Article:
Battery is a serious crime, particularly when the victim is a minor. A middle school teacher in Georgia has been charged with battery after she allegedly pulled a student out of class and into the hallway by grabbing her by the hair.
According to the 14-year-old, the student asked the teacher to use the bathroom for a minor emergency. The teacher said no, but the student got permission from another teacher and left. When the student returned, she allegedly felt someone pulling her braids from behind. A school resource officer saw a video of the incident and filed a battery charge against the teacher. The teacher contended that it was an accident, however, the student said the teacher had acted this way towards other students, but they were too afraid to report her.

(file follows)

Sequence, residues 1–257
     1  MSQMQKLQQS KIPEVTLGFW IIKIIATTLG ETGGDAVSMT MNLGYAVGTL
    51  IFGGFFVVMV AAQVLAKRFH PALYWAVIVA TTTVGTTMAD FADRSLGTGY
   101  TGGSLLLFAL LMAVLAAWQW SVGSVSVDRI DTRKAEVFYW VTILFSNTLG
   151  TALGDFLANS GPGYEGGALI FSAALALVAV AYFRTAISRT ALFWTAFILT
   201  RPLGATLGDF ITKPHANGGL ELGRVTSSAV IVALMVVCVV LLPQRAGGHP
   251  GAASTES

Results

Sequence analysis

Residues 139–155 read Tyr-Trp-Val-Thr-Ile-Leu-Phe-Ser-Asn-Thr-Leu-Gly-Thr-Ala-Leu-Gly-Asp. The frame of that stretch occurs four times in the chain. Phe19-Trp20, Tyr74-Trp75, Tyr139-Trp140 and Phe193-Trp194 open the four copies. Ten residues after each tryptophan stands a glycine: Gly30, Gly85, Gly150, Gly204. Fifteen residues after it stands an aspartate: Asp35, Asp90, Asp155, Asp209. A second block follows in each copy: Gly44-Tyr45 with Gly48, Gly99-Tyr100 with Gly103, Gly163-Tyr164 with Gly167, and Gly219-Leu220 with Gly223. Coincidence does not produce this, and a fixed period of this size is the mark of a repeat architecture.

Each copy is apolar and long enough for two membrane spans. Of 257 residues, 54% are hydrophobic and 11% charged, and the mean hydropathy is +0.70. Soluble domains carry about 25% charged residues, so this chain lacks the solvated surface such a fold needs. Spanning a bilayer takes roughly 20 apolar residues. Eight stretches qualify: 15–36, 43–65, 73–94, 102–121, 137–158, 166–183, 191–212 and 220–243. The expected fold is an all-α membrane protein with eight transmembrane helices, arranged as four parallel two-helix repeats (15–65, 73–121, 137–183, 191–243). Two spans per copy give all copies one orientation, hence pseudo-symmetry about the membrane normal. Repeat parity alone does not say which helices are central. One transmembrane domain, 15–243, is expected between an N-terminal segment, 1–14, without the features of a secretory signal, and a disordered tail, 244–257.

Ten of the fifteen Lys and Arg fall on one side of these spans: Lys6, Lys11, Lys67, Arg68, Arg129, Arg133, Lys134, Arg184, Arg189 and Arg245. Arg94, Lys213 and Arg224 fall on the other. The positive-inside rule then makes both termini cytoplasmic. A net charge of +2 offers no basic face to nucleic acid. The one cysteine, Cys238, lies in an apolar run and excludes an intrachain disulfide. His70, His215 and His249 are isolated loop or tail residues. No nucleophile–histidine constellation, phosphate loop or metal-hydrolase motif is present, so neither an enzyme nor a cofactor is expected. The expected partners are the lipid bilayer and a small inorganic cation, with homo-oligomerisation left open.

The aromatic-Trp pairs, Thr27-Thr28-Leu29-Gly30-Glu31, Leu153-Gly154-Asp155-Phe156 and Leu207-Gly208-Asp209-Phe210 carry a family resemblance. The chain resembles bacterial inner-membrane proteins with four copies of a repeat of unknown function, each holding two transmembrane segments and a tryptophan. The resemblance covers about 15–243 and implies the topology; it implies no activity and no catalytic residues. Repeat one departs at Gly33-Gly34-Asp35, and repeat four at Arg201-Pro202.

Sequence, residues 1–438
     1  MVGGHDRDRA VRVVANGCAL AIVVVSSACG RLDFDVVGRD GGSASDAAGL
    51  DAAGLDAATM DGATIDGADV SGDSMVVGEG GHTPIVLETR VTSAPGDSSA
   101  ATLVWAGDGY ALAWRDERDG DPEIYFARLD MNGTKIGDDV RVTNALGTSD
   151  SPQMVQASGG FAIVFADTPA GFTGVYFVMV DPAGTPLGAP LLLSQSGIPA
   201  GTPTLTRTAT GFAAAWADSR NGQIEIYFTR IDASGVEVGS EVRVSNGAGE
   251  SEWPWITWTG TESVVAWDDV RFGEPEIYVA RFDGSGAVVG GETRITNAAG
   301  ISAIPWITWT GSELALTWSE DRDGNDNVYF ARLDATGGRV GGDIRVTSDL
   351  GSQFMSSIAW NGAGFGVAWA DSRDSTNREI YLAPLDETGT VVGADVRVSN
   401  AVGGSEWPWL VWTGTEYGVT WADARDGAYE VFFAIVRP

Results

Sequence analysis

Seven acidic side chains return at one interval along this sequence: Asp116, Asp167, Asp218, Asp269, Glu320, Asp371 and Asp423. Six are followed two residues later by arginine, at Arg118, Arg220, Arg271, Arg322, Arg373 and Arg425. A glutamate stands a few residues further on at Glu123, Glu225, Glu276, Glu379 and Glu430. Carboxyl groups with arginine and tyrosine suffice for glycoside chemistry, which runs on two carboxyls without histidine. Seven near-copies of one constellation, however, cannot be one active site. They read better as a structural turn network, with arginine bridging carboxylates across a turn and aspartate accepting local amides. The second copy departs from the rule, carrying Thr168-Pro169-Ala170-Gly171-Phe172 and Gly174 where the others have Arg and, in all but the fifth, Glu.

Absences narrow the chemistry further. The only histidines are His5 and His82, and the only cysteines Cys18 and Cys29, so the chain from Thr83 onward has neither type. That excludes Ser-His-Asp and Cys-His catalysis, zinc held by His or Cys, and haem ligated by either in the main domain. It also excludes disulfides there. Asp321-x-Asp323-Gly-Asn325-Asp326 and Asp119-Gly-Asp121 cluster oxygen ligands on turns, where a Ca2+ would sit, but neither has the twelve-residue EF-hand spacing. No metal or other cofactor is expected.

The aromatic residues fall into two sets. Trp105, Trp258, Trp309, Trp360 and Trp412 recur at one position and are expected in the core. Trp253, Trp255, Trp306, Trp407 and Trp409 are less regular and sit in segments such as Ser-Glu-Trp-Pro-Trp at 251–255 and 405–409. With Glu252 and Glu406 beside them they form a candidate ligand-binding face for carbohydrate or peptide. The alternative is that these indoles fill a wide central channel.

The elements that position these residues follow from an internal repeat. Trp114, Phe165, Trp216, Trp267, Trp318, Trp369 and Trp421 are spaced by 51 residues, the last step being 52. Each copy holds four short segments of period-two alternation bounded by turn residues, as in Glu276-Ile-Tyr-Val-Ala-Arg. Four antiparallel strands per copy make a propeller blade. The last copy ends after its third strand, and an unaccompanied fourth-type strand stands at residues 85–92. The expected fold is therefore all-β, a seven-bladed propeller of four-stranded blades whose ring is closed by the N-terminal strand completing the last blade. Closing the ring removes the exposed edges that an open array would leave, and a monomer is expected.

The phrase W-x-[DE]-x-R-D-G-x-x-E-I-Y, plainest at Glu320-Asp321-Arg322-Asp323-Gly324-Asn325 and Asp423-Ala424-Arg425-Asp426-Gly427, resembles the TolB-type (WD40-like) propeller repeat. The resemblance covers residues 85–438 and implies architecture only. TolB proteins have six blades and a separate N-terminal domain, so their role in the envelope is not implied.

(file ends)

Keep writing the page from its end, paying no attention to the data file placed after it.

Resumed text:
The crime of battery does not always involve hitting another person. According to Ga. Code Sec. 16-5-23.1, battery generally consists of any intentional conduct that causes substantial physical harm or visible harm to the body. There are two types of battery in Georgia: simple and aggravated. Both crimes require a solid criminal defense strategy to protect those charged against serious legal consequences.
Simple battery involves intentional and insulting contact toward another person or intentionally causing someone else harm. Simple battery is a misdemeanor and could result in up to a year in jail and up to $1,000 in fines. Aggravated battery is a felony and involves intentionally causing someone serious injury and can result in a minimum of one to 20 years in jail, plus fines.